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seen Apr 13 at 14:34

Jun
13
revised How do you check if there are any equal arguments(even sublist) in a list?
Include modifiication to keep track of repeated elements as per OP's request
Jun
13
answered How do you check if there are any equal arguments(even sublist) in a list?
Jun
13
comment Checking if the roots of a function are real
You can try checking that the imaginary part is zero. We can get the list of roots using x /. {ToRules[Reduce[LegendreP[6, x] == 0, x]]}. Then we map Im to each root using Map[Im,%], which gives {0,0,0,0,0,0}. This seems to suggest that the roots are real, but I am not 100% sure.
Jun
13
comment Splitting a list
@BrettChampion At one point I made a list of things I liked about Mathematica, and it included the fact that everything is an expression. Lisp popped up when I researched the roots of this feature. On a related note, that book really did teach me to write recursions! (Always ask null?, etc.)
Jun
13
answered Splitting a list
Jun
12
awarded  Nice Question
Jun
10
revised Implementing Central Symmetry
Chose a better reference, more accurate definition of orthogonal group
Jun
10
comment Wagner's trick to monitor FindRoot no longer works in Mathematica version 8
@AlexeyPopkov Thanks! Could you also include a link to the documentation where that "standard" trick is explained? I apologize for making so many requests of you.
Jun
9
comment How to Clear a symbol with subscript in Mathematica?
By the way, there is still one typo in your reply. You wrote Unset[Subscript[[Lambda], 0]], which is missing a backslash.
Jun
9
comment How to Clear a symbol with subscript in Mathematica?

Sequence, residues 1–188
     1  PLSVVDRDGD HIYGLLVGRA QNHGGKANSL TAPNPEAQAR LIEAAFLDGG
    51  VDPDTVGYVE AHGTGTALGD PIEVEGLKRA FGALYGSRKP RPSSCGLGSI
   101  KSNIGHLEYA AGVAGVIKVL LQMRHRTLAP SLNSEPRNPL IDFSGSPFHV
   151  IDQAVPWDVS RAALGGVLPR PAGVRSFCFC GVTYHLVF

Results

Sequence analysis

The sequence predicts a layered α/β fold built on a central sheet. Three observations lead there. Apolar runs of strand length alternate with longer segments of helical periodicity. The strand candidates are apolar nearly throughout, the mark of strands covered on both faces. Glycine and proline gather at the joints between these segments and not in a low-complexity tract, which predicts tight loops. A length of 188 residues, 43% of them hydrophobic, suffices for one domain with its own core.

I started with a fresh Mathematica session. In that case, Subscript[\[Lambda], 0] = 1 followed by Unset[Subscript[\[Lambda], 0]] does not generate any warning message. I can even do the assignment Subscript[\[Lambda], 0] = 2 after that. If you just want to clear $\lambda_{0}$, you probably do not need to use the Notation package. Maybe you made the problem worse by calling functions from that package?
Jun
9
comment How to Clear a symbol with subscript in Mathematica?
Have you tried Unset[Subscript[\[Lambda], 0]] instead of Unset[Subscript[Lambda, 0]]?
Jun
9
accepted Wagner's trick to monitor FindRoot no longer works in Mathematica version 8
Jun
9
comment Implementing Central Symmetry
Szabolcs' image uploader came in handy.
Jun
9
answered Implementing Central Symmetry
Jun
9
comment Wagner's trick to monitor FindRoot no longer works in Mathematica version 8
@AlbertRetey I am not sure I understand how that trick works in this context. Could you post an answer based on that?
Jun
9
comment Can a function be made to accept a variable amount of inputs?
+1 Your method is much cleaner than mine. It is good to know about Check too.
Jun
9
comment Wagner's trick to monitor FindRoot no longer works in Mathematica version 8
Evaluated is not listed as one of the options for FindRoot in the documentation. What does it do?
Jun
9
comment Implementing Central Symmetry
By central symmetry, do you mean point reflection? If that is the case, you can use ScalingTransform[{-1,-1,-1},{p1,p2,p3}]. This will reflect your graphics object about the point $(p1,p2,p3)$. I assume you plan to use it for 3-dimensional graphics object.
Jun
9
comment Can a function be made to accept a variable amount of inputs?
@Mr.Wizard I mixed up two ideas when I wrote up the answer. The original function does not actually require the use of BlankSequence. In fact, it fails if I evaluate datasetAverage[{1,2,3},{4,5,6}].
Jun
9
revised Can a function be made to accept a variable amount of inputs?
Replaced BlankSequence with Blank in the definition of datasetAverage